Heterosexual Relationships 

0200 Skinner Building. With 
Julia T.Wood, professor and 
director of graduate studies in 
the Communication Studies 
Department at the University 
of North Carolina. Part of the 
Communication Department 
Centennial Colloquium Series. 
For more information, contact 
Trevor Parry-Giles at, or visit 
www. comm . umd . edu . 

12-2 p.m., Building Interdis- 
ciplinary Connections at 
the Intersections of Race, 
Gender and Ethnicity 0105 

St. Mary's Hall (Multipurpose 
Room, Language House). With 
Lynn Eber of the University of 
South Carolina, giving a talk 
entitled "Methodological 
Approaches to Intersections." 
Sponsored by the Consortium 
on Race, Gender and Ethnicity, 
directed by Bonnie Dill Thor- 
ton of Women's Studies. For 
more information, call 5-2931. 

4-5 p.m.. Distinguished 
Scholar-Teacher Lecture 

Details in For Your Interest, 
page 4. 

4-6 p.m., AGNR Alumni 
Chapter Welcome Bash 
Animal Sciences Complex. 
Alumni, students, faculty and 
staff are welcome. Hear from 
the dean and associate deans 
of the College of Agriculture 
and Natural Resources, fol- 
lowed by a televised watch of 
die Maryland vs. Georgia Tech 
football game. For more infor- 
mation, contact Gail Yciser at 5- 
2434 or 

October 12 

8 a.m. -3 p.m.. Graduate 
School Fair Details in For 
Your Interest, page 4. 

9 a.m. to 4 p.m.. Conference: 
The Interest Group Connec- 
tion Grand Ballroom Lounge, 
Stamp Student Union. Top aca- 
demics from around the nation 
will examine the growing role 
of interest groups across all 
political sectors. The keynote 
speaker is Al From, founder 
and CEO of the Democratic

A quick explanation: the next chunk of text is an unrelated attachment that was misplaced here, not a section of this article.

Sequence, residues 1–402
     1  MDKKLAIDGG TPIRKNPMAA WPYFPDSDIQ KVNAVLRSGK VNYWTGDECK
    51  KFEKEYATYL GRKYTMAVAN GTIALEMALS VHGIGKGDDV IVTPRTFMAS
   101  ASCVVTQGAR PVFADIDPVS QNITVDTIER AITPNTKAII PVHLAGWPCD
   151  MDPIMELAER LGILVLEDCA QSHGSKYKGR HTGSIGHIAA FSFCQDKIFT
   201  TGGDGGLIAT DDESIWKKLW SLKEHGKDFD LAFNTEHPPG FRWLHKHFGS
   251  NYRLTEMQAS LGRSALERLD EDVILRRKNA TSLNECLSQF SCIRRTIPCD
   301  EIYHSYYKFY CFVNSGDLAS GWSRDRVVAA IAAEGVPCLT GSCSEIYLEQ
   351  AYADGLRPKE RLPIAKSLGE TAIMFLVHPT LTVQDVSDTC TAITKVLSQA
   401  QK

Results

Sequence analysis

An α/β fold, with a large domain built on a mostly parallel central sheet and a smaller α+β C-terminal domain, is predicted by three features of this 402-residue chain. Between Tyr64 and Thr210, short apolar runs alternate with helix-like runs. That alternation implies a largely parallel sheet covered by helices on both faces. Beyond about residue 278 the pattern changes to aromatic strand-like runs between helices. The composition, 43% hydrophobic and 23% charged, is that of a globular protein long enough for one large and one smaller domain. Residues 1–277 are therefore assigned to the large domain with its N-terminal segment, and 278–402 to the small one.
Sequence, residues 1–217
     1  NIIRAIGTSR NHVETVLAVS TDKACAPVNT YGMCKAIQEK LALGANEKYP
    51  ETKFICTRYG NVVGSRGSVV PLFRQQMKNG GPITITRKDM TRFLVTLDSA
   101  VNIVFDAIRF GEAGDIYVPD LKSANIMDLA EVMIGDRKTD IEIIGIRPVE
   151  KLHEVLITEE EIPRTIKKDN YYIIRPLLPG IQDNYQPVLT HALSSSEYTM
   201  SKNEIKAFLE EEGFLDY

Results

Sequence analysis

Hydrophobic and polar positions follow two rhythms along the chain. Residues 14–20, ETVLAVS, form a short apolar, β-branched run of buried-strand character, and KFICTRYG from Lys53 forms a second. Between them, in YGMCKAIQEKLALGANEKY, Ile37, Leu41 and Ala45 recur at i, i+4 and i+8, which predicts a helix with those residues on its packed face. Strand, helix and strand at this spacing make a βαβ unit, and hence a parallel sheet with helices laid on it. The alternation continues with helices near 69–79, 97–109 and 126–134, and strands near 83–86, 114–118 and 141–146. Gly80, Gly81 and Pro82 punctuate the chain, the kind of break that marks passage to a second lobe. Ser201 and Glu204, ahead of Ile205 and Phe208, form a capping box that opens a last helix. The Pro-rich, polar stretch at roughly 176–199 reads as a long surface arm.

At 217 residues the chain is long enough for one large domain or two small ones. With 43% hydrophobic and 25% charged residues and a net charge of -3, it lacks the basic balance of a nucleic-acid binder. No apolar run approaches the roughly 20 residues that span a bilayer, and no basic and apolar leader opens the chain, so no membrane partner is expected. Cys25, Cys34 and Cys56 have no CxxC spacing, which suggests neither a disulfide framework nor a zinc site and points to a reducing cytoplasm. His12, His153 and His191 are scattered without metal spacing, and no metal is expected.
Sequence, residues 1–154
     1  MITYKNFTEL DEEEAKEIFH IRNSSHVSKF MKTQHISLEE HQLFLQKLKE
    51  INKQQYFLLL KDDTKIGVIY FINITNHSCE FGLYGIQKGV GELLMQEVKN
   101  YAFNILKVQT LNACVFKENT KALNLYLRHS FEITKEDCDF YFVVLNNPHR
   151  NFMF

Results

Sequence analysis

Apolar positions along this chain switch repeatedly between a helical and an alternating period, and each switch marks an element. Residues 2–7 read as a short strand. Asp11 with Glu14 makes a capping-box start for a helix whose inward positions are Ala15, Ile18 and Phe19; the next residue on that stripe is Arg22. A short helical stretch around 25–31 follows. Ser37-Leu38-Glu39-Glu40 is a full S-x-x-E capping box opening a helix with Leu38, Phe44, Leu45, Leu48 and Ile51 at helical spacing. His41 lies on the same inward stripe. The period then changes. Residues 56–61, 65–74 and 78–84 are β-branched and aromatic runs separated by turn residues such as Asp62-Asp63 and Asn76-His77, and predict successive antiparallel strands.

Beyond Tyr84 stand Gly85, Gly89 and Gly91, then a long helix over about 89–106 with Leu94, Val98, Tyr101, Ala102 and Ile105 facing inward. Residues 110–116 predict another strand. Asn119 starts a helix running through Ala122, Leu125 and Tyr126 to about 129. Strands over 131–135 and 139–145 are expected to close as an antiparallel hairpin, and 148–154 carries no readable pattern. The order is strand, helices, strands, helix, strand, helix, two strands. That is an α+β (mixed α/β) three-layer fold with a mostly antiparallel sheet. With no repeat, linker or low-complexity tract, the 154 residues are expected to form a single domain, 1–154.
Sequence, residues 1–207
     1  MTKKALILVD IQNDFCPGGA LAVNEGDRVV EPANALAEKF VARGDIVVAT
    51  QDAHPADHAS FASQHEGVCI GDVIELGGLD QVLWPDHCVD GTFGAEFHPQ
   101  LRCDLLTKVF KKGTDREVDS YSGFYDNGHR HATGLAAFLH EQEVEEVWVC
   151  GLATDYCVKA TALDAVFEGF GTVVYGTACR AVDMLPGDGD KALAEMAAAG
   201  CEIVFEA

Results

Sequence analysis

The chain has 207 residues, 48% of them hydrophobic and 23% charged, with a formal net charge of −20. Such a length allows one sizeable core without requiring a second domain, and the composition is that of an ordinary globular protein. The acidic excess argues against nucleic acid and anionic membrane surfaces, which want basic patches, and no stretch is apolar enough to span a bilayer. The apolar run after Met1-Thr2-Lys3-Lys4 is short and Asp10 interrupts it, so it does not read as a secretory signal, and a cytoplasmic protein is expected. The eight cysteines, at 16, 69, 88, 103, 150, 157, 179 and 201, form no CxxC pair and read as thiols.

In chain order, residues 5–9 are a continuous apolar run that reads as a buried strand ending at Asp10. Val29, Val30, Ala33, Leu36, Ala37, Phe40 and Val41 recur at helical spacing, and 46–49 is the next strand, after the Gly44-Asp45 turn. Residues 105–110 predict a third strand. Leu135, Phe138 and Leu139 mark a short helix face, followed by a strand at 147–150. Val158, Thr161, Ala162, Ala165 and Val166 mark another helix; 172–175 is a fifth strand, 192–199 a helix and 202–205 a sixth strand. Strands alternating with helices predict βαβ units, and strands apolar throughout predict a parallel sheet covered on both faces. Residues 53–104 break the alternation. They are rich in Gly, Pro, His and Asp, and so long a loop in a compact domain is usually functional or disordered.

Leadership Council. The DLC, 
representing moderate democ- 
rats, has become the dominant 
faction in the Democratic Party 
and played a major role in shift- 

Cuisine and Culture — today! 

Come join the International Student Council (ISC) at the Inter- 
national Lunch on Tuesday, Oct. 9 on Hornbake Mall at 12 
p.m. Sample food from around the world, including Indian, 
German, Italian, Russian, Chinese, Iranian and more. Sit outside 
and enjoy your lunch while listening to music and entertainment. 
Food prices vary. For more information, contact Max Musil, ISC 
president, at 

ing the national political agen- 
da in the 1 990s. Conference 
sessions cover the connections 
between interest groups, cam- 
paign spending and the three 
major branches of government. 
Sponsored by the Center for 
American Politics and Citizen- 
ship. RSVP to srichman@capc. by Oct. 10. For more 
information, call 5-9968. 

October 13 

10 a.m. -12 p.m.. First time 
Homebuyers Seminar Stamp 
Student Union. Join the Young 

Alumni Club and a panel of 
experts, including a representa- 
tive from the Fannie Mae Foun- 
dation, who will discuss die pro- 
cess of buying your first home. 
The cost is $15 for Alumni 
Association members, $20 non- 
members (breakfast included). 
For more information, contact 
Llatetra Brown at 3-2728, ext. 


8 p.m., Free Concert: New 
Millennium Ensemble 

Gildenhorn Recital Hall, 
Clarice Smith Performing Arts 
Center. One of America's top 
contemporary music ensem- 
bles performs Olivier Messiaens 
"Quatuor pour la fin du temps" 
and a work by Morton Feldman. 
Part of the new music festival 
"Music of Our Time: A Discov- 
ery Series," sponsored by the 
School's Theory & Composi- 
tion Division. For more infor- 
mation, visit 
music/calendar or call 5 -ARTS. 

October 15 

2 p.m.. Control and Dynam- 
ical Systems Invited Lec- 
ture Series: Modeling and 
Control of Thin Film Depo- 
sition 2460 A.V. Williams 
Building. With Martha Gallivan, 
Department of Mechanical 
Engineering, Control and 
Dynamical Systems at Caltech. 
One of a continuing series of 
lectures on current topics per- 
tinent to control and dynami-